Natural diatomite without purification except washing with distilled water was used. Diatomite samples were exposed to chemical analysis and characterized with different techniques as described elsewhere . It contains ~ 83.6% SiO2 and 4.24 Al2O3, 1.07 % Fe2O3, 6.17% CaO, and others oxides 4.86 % and it is free from TiO2, Na2O, K2O and MgO. Cu-MOF was prepared as described previously . Absolute ethanol and other chemicals were supplied from Sigma Aldrich without further purification.
Synthesis of Cu-MOF/Diatomite
1.0 g Cu-MOF which prepared previously  and 2.0 g diatomite were dissolved in 150 ml anhydrous ethanol separately to prepare solution A and solution B. After mixing the two solutions, the mixture was sonicated for 2 h and transferred to a flask equipped with condensed reflux at 100 °C for 12 h. The suspension was centrifugally washed three times with absolute ethanol and dried under vacuum at 70 °C overnight to obtain a Cu-MOF/Diatomite powder.
The Characterization Techniques
X-ray diffraction (XRD) analysis
X-ray diffraction (XRD) patterns were performed with power D8 ADVANCE diffractometer (Germany) using CuKa radiation (1.542°A, 40 KV, 40mA) in the 2Ө range of 4–80. The acquisition parameters were as: a step size of 0.02 and a step time of 0.4s.
Fourier transforms infrared (FTIR) spectroscopy
FTIR spectra of the samples were obtained using a KBr disk and FTIR 6500 spectrometer (JASCO, Japan) in the range of 400-4000cm-1
The thermal analysis
The thermal analysis (TGA, DTA) were performed by USA Berkin – Elmer thermogravimeter samples of approximately 10 mg was heated from 50oC to 800oC with heating rate 10/min under a nitrogen atmosphere, and the flow of nitrogen was 50 ml/min.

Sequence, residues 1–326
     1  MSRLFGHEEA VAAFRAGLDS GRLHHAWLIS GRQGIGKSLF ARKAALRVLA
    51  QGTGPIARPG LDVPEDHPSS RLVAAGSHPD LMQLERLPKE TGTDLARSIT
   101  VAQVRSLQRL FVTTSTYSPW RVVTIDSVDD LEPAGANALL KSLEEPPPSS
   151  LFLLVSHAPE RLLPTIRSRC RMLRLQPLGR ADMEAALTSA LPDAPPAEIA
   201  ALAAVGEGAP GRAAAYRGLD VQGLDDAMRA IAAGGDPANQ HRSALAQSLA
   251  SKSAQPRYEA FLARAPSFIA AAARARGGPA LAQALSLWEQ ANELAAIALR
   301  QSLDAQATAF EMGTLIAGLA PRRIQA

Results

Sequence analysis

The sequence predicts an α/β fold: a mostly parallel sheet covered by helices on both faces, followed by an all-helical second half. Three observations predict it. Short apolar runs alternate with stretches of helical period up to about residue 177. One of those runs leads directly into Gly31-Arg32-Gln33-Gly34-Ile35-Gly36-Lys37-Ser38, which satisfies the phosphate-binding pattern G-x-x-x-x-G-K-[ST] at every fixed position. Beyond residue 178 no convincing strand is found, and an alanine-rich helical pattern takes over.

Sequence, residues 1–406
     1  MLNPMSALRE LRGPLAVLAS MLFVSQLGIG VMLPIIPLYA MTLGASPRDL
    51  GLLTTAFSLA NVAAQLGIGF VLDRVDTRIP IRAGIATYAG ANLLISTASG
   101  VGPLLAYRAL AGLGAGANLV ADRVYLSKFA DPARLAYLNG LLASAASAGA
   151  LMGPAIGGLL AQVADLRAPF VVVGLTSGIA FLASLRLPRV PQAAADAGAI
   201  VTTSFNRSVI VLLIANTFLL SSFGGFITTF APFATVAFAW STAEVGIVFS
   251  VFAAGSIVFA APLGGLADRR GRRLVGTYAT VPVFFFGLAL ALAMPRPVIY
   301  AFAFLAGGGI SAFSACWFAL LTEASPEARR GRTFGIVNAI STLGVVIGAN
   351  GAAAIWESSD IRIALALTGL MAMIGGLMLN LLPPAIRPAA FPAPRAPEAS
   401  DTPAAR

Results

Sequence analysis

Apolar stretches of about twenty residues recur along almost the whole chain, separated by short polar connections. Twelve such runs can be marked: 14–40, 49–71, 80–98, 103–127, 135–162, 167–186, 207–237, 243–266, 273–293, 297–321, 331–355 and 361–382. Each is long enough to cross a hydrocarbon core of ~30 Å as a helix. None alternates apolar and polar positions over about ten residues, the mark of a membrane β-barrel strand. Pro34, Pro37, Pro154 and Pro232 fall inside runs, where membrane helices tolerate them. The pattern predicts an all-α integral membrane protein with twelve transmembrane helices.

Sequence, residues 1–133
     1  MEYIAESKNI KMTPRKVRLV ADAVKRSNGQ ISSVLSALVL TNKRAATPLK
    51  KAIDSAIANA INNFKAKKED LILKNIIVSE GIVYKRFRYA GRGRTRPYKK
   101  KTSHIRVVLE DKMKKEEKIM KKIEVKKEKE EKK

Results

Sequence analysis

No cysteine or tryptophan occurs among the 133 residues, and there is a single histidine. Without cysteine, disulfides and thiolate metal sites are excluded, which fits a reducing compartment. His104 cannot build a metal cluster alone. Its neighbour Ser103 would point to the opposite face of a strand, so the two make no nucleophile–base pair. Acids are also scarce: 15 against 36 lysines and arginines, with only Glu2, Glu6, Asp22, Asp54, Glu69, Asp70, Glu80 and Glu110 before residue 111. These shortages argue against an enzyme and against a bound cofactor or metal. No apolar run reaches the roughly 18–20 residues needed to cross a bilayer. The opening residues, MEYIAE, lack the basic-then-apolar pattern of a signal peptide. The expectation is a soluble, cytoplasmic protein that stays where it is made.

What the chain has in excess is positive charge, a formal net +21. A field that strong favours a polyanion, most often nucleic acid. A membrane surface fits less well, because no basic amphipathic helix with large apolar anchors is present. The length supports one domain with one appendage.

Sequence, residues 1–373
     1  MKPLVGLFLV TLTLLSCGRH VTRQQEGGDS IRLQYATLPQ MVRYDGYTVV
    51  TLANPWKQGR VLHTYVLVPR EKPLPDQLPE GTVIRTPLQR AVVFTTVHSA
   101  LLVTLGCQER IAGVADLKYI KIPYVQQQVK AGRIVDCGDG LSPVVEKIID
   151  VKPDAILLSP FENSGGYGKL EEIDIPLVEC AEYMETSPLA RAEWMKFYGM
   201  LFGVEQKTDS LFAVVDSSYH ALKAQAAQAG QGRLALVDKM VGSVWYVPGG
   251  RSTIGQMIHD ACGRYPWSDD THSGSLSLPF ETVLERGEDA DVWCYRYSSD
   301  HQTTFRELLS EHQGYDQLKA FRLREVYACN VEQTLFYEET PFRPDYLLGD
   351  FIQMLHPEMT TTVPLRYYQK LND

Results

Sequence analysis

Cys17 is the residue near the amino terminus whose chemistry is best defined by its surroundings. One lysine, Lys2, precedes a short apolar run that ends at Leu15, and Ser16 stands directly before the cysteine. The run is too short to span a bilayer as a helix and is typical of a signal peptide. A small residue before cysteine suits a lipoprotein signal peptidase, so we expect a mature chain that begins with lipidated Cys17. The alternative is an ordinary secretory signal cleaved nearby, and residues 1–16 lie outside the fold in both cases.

Transmission Electron Microscope (TEM)
To identify the morphology and the particle size of the prepared samples was examined by using a transmission electron microscope (TEM) quanta FEG working at 100 keV.
Antibacterial activity assays
Antimicrobial activity of selected compounds were evaluated against pathogenic Gram-positive bacteria (Bacillus subtilis ATCC6633 and Staphylococcus aureus ATCC29213), Gram-negative bacterium (Escherichia coli ATCC 25922 and Salmonella enterica ATCC 25566), yeast fungi (Candida albicans NRRL-Y477 and Candida tropicalis
ATCC750) and fungus (Aspergillus niger NRC53) by the agar diffusion technique.
Bacteria were obtained from the American Type Culture Collection and Northern Regional Research laboratories while the fungal isolates were obtained from the culture collection of the Department of Chemistry of Natural and Microbial Products, National Research Center, Cairo, Egypt. The microorganisms were passage at least twice to ensure purity and viability. The bacteria were maintained on nutrient agar medium and fungi were maintained on potato dextrose agar medium. About 50 mg of the prepared powder samples were applied on the inoculated agar plates and incubated for 24 h at 37 oC for bacteria and 72 h at 28 oC for fungi. The antimicrobial effect was evaluated by measuring the inhibition zone diameter around samples in (mm).